Stoic Virtue

What is Virtue?

Derived from the Greek word arête (ah-RAYT), virtue is a concept that stands at the core of Stoicism. Roughly translated as “excellence,” it was used by Socrates and the Hellenistic schools of philosophy to explain the most important values by which human beings should aspire to live. Yet, virtue’s pedigree goes further still; it was later incorporated into the Christian tradition by Thomas Aquinas, placing it at the bedrock of the Western intellectual canon.

From a Stoic perspective, virtue is the striving toward excellence in the ethical realm, where we seek to resolve questions of human morality. Virtue represents the absolute highest good attainable in life, and therefore it is impossible to have in excess. Only by practicing a life of virtue can we unlock personal flourishing, or eudaimonia (you-dye-mo-NEE-ah). 

Because “virtue is the only good” for human beings, external events outside our direct control are neither inherently good nor bad. Rather, the attainment of virtue through one’s actions is the only true standard by which we can judge ourselves in life.

The Four Virtues


Wisdom enables a Stoic to make rational decisions and appropriate judgments based on experiential knowledge. As Marcus Aurelius writes, it is not events that disturb people; it is their judgments concerning them. A Stoic must acquire wisdom to negate the anguish that is derived from irrational beliefs which are based on past experiences. Wisdom allows us to challenge those beliefs and move towards building a new self.


There is no Stoic virtue more important than justice. Marcus Aurelius himself said that justice is “the source of all other virtues.” It enables us to determine how we should act towards others and what is legally just. Justice is part of a much broader concept of social virtue, encompassing kindness, benevolence, and goodwill toward others. The ancient Stoics advocated for cosmopolitanism, the idea that we are citizens of the world. Stoics assert that rational beings are bonded through our similar needs and goals and, therefore, we should live for the well-being of all. Thus, we cannot be unjust to others without it indirectly affecting ourselves.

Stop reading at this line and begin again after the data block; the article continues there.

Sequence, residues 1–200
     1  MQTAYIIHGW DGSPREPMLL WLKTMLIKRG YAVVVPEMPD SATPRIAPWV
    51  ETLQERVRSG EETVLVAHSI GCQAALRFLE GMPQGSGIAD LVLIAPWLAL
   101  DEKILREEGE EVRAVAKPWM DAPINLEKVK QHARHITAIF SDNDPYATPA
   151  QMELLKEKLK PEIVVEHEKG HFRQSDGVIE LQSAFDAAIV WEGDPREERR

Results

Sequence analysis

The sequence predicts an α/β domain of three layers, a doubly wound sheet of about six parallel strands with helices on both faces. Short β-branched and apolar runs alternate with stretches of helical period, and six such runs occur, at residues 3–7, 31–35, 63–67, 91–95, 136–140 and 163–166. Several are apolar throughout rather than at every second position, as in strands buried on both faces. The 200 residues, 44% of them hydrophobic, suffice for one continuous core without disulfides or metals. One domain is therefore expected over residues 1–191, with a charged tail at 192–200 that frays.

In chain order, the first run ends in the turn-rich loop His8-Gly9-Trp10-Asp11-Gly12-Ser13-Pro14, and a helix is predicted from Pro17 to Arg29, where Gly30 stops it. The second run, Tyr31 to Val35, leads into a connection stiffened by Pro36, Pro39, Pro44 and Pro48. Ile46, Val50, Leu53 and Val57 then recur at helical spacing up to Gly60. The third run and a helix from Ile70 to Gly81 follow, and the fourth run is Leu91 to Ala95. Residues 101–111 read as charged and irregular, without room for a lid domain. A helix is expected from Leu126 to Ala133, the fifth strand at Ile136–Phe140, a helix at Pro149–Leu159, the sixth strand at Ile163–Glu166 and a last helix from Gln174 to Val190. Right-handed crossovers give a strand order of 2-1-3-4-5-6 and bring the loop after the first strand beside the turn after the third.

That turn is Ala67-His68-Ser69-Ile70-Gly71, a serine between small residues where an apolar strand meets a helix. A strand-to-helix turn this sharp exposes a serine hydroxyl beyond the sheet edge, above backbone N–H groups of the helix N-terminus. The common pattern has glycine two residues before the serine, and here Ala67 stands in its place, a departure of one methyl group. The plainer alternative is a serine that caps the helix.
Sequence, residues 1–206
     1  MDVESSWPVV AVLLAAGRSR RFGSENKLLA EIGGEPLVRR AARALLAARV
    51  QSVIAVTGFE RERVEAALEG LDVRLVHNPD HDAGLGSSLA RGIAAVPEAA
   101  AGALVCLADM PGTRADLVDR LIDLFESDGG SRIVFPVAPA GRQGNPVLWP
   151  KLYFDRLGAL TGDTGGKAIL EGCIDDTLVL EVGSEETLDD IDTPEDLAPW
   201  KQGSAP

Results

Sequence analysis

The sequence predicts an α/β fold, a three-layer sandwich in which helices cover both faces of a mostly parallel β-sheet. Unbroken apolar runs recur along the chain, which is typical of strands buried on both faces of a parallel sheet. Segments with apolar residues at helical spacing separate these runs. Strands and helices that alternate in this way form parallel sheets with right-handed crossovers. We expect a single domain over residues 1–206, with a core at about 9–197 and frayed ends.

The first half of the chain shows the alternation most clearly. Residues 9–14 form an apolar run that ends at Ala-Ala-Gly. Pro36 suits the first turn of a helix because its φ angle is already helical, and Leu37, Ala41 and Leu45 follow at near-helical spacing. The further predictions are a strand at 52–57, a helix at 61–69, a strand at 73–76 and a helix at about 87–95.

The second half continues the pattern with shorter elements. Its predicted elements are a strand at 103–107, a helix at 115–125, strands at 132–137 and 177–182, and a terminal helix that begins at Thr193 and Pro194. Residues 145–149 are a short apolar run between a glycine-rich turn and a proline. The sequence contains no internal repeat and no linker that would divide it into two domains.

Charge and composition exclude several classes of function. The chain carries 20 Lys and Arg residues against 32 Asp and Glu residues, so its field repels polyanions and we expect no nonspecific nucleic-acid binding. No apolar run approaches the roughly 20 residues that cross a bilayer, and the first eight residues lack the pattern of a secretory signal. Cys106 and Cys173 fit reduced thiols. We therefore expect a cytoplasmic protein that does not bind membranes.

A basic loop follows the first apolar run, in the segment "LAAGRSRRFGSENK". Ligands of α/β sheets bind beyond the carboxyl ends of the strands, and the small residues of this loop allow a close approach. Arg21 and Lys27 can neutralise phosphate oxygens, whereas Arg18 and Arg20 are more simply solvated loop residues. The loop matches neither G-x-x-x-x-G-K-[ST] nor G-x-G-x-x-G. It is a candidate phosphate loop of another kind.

There is no logical place where our desires end. Most of our desires are not extinguished when we fulfill them. Instead, they lead to greater and greater desires. This is why Stoics practice the virtue of temperance, the ability to do things in just measure—not too much and not too little. Epictetus reminds us “if one oversteps the bounds of moderation, the greatest pleasures cease to please.” Temperance enables us to stop ourselves from overeating, overthinking, overindulging. With temperance, we can choose long-term well-being over short-term pleasure.


There are times in our lives when it is difficult to do the “right thing” because we can become overwhelmed with fear and anxiety. To stay strong and not give in to our anxieties, Stoics rely on the cardinal virtue of courage. A courageous person understands the risks associated with a particular decision and chooses to overcome his or her fear and act according to their values. A courageous decision is well-considered, wise, and brave. Courage without justice and wisdom stops being a virtue; instead, it becomes a vice. A Stoic cannot be courageous without also being “good and straightforward, lovers of truth and foes to deception.”